UK cities climb the international cost table
A study of construction costs in 90 global markets by Turner & Townsend found that while London had risen from the third to the eighth most expensive place in the world to build, many other UK cities rose in the rankings.
Bristol (16th), Birmingham (19th), Manchester (24th), Newcastle (29th) and Glasgow (30th) join London in the world top 30, closely followed by Edinburgh (32nd) and Leeds (33rd). All of these cities now rank as more expensive to build than major global markets such as Paris and Singapore, according to International construction market survey by cost consultant Turner & Townsend
Tokyo is now the most expensive city in the world to build, with an average cost of £ 2,906 per m², followed by Hong Kong (£ 2,828 per m²) and San Francisco (£ 2,701 per m²). Next come New York, Geneva, Zurich, Boston and London (£ 2,326 per m²).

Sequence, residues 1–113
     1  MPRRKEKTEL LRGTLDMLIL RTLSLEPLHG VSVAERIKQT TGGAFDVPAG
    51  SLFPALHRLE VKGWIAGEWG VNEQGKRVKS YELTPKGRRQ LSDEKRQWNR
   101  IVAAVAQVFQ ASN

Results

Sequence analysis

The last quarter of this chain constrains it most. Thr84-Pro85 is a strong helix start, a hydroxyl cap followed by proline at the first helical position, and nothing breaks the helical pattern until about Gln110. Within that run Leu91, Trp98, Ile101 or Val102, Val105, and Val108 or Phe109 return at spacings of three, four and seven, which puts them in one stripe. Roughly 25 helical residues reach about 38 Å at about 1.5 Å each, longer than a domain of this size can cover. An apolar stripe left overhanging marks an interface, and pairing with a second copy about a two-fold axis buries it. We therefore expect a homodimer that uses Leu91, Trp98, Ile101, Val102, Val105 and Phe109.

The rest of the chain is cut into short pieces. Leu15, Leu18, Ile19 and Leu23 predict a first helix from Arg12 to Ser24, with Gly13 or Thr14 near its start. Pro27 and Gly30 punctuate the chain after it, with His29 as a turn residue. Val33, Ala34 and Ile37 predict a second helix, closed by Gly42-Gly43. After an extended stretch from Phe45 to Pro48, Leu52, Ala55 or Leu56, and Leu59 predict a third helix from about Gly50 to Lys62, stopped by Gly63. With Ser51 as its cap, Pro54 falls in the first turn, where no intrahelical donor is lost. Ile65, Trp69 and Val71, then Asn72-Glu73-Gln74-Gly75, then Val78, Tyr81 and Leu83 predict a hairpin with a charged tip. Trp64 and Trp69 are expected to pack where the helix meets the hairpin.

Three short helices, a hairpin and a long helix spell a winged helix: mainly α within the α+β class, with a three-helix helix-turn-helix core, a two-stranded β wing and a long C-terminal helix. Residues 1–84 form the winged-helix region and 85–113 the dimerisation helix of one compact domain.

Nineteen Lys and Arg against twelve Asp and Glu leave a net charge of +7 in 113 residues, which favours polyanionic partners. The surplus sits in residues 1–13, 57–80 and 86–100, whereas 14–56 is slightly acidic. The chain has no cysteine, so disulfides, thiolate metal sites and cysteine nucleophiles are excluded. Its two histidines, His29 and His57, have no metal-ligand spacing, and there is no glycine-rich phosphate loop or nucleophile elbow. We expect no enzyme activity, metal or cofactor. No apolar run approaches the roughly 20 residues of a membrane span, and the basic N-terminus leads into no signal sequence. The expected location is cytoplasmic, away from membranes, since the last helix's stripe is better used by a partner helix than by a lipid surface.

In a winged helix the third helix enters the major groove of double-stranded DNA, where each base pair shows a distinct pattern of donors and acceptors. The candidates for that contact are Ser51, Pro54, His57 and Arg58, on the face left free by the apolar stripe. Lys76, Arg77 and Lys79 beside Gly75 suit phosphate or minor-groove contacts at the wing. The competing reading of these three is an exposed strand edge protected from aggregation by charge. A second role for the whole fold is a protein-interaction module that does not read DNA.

The average hourly construction wage in London has now reached £ 37.3, above the UK average of £ 33.0.
The report finds construction costs rising globally due to rising material costs and shortages of skilled labor, but UK cost inflation is expected to hit 4.0% by 2023 – exceeding forecasts for the European Union, North America, Australasia, the Middle East and Asia.
Neil Bullen, managing director of global real estate at Turner & Townsend, said the pressure on the construction industry needs to be managed carefully to ensure projects stay on track: “Capacity constraints on availability skilled labor and supply chain disruptions are already providing significant inflationary pressure – and this will only intensify in the months and years to come as we focus on rebuilding after the pandemic.
“It’s more important than ever that the industry embraces wholesale reform and invests in data, technology and productivity improvements to help reduce costs and save money where we can. to stay competitive. This will complement the steps already taken by many companies to diversify the world. supply chains and become closer to their suppliers, moving from a “just in time” to “just in case” delivery approach.